Tensions continue to rise Jan. 12 in the Negev Desert region in the south of Israel. Dozens of Israeli Bedouins protested this morning against the Jewish National Fund advancing its forestation plan near the unrecognized Bedouin village of Sawa. The protesters threw stones at the security forces that accompanied the forestry teams. Police responded with stun grenades and arrested at least 10 of the protesters. Police are reportedly now blocking residents and activists from reaching the area.
Far-right Knesset member Itamar Ben-Gvir of the nationalist Jewish Power party arrived at the scene this morning. He had said earlier that he intended to participate in the planting even though this is supposed to be a year of rest for the land, according to Jewish tradition. Ben-Gvir tweeted that in order to "save the Negev," he got special permission to plant from prominent pro-settler Rabbi Dov Lior. Upon arrival, Ben Gvir was turned away from the site by authorities, and eventually planted one tree a significant distance from Sawa.
Protests started Jan. 10, when Bedouins and political figures expressed their objections the JNF plan to plant trees on an area of 5,000 dumans (1,250 acres) along the Anim stream. Tractors arrived at the area Jan. 11 for the first phase of the plan, which includes clearing two land plots that are currently being used by the Bedouins for agriculture. Bedouin farmers had apparently planted wheat there only a few months ago.
Dozens of Israeli Bedouins who arrived at the area started throwing stones at passing vehicles and then at police forces when they arrived. A car belonging to Haaretz journalist Nati Yefet, who was covering the events, was stolen and torched. Some of the demonstrators tried to attack Yefet and two police officers were lightly injured in the clashes. A train conductor had to stop for stones on the railway. Police detained 18 boys aged 13 to 15 for throwing stones.
Several Likud Knesset members and activists arrived at the scene Jan. 11 to express their support of the planting as an expression of Zionist ideals. "No one will tell us where and when we are allowed to plant trees in the land of Israel. It is our land," tweeted the party.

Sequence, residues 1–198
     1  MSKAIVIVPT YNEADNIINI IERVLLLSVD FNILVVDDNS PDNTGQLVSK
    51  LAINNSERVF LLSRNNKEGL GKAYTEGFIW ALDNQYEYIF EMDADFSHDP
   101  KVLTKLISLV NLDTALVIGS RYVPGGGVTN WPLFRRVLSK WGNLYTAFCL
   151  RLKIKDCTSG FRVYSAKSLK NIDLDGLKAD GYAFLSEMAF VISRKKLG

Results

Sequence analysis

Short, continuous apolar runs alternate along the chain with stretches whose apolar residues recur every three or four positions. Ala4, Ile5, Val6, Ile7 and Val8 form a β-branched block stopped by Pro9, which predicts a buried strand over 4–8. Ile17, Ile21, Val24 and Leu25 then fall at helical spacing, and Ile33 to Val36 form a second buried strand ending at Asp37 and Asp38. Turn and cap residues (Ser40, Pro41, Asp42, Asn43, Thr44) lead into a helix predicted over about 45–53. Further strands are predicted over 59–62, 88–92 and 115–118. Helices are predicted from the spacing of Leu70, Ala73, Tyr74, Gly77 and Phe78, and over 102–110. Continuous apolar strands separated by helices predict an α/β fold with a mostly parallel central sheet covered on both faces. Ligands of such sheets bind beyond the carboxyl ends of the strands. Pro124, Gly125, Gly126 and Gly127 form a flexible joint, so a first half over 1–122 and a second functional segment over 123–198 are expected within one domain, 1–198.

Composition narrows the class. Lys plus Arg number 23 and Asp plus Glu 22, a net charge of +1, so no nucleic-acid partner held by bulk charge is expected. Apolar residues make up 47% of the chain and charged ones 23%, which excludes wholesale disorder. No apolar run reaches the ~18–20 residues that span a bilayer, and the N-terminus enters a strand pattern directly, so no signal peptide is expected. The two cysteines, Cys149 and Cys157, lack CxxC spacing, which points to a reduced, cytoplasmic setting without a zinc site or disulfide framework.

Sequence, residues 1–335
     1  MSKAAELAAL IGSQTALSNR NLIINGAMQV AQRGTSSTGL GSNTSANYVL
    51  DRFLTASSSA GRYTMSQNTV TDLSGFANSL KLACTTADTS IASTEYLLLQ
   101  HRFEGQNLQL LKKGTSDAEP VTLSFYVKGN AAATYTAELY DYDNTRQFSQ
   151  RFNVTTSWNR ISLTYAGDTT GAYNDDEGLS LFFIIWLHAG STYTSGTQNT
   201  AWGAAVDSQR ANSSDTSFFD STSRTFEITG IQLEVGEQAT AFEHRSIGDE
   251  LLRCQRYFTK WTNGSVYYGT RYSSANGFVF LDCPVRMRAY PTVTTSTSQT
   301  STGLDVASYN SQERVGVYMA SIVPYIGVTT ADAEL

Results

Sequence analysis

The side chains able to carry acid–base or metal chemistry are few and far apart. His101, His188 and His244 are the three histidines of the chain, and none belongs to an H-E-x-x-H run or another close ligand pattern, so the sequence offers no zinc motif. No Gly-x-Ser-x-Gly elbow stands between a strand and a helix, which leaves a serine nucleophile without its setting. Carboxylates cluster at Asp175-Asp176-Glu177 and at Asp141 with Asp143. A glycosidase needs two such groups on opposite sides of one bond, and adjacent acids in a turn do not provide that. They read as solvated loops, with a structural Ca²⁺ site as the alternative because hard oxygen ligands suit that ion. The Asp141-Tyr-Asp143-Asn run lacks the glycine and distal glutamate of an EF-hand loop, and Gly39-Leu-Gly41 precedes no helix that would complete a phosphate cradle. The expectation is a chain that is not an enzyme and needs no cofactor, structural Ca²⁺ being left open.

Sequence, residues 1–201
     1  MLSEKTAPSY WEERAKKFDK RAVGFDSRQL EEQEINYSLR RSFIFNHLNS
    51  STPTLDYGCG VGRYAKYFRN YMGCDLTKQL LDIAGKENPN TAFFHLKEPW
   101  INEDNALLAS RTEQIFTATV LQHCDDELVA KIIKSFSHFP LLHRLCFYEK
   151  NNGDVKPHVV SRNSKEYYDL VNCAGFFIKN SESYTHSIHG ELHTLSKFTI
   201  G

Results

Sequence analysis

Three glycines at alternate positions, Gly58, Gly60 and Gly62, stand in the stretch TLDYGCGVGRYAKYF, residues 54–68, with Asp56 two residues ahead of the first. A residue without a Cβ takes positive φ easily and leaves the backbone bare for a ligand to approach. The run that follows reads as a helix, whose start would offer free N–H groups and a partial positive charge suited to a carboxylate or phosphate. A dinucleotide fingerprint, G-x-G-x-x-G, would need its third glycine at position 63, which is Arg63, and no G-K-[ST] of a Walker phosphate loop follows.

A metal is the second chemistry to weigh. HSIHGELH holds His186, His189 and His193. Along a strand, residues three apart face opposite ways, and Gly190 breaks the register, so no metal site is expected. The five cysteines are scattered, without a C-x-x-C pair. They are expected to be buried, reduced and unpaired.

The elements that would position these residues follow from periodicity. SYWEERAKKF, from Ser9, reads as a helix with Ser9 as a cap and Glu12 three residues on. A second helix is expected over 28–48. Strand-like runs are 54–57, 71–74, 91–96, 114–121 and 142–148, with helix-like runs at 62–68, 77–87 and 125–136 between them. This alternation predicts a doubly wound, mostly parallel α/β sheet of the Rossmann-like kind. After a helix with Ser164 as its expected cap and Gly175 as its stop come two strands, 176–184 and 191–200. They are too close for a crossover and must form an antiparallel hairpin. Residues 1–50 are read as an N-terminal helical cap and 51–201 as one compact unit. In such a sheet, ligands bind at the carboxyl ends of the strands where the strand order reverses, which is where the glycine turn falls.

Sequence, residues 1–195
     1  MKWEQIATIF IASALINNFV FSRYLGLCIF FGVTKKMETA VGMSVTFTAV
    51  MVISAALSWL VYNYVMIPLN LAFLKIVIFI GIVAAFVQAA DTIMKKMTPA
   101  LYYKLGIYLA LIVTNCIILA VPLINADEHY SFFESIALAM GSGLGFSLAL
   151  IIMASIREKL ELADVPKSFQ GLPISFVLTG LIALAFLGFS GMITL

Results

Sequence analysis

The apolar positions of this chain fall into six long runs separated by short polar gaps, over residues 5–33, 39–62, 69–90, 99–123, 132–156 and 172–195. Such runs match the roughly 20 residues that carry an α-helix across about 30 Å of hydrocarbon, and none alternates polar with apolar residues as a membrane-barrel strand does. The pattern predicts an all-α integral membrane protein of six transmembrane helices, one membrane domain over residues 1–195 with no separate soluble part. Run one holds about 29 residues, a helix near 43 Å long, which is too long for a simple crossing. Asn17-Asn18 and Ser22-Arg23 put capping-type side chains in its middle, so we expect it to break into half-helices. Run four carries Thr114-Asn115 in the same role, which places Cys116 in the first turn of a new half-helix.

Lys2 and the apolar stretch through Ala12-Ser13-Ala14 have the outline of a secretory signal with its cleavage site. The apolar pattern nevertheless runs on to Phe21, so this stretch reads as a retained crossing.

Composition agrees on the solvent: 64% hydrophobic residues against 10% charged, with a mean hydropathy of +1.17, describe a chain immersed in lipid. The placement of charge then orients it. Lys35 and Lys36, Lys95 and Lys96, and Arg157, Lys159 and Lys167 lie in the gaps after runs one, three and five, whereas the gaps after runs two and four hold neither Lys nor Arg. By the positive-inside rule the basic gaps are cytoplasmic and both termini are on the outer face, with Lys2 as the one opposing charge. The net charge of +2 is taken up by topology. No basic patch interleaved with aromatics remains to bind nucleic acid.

Political leaders and activists from both Arab parties — the Joint List and Ra’am — slammed the JNF plan as endangering the livelihoods of the local Bedouin families. Bedouins in the area had previously complained that forestation works were destroying their farming zones.
The JNF claimed it has been has been planting trees in the Negev and across Israel for many years and that the current forestation plan was made in accordance with a 2017 government decision.
The issue seems to be turning into a political crisis, as many of the Bedouins living in the region are supporters of the Ra’am party, which is part of the coalition. Considering himself a representative of the Bedouins in the Negev, last May Ra’am leader Mansour Abbas had conditioned the party’s entry into the coalition on the government regularizing several unrecognized Bedouin villages.
Abbas tweeted Jan. 10 that former Prime Minister Benjamin Netanyahu had "agreed to stop planting in the Negev in 2020. There is no reason to resume this today, especially since we are now promoting a fair outline that will allow Bedouin citizens to earn a decent living. They do not invade the lands! They were born here and will remain here. A tree is no more important than a human being."
Foreign Minister Yair Lapid called to halt the works Jan. 11 until a peaceful solution is found. "Like the Netanyahu government stopped the forestation works in 2020, we can stop it and reassess the situation. The government of change is committed to solving the Bedouin problem and settling the [unrecognized villages] situation in the Negev. Politicians on all sides need to calm down instead of feeding the fire. I condemn the violence on the ground and support the activities of the police to restore public order," he tweeted.
Reports this afternoon said preparation for the planting has been concluded as scheduled despite the clashes. Welfare Minister Meir Cohen, who is in charge of regularizing the unrecognized Bedouin villages in the Negev, said that the sides will sit down tomorrow for intensive talks to find a solution to the issue ahead of the next phase. Cohen noted that while planting trees on its territory is a supreme right of the country, such activities must be conducted in a responsible manner, which is why the issue at hand must be reexamined. He also said he is in contact with the parties involved to reach a solution.